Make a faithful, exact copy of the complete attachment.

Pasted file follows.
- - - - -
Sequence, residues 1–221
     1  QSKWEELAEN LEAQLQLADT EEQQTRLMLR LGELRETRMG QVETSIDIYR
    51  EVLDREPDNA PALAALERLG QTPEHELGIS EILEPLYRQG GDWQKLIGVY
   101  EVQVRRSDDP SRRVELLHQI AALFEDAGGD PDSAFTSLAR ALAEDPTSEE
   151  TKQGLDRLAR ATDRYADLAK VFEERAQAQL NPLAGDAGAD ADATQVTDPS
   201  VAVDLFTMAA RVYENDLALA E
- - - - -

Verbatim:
Sequence, residues 1–221
     1  QSKWEELAEN LEAQLQLADT EEQQTRLMLR LGELRETRMG QVETSIDIYR
    51  EVLDREPDNA PALAALERLG QTPEHELGIS EILEPLYRQG GDWQKLIGVY
   101  EVQVRRSDDP SRRVELLHQI AALFEDAGGD PDSAFTSLAR ALAEDPTSEE
   151  TKQGLDRLAR ATDRYADLAK VFEERAQAQL NPLAGDAGAD ADATQVTDPS
   201  VAVDLFTMAA RVYENDLALA E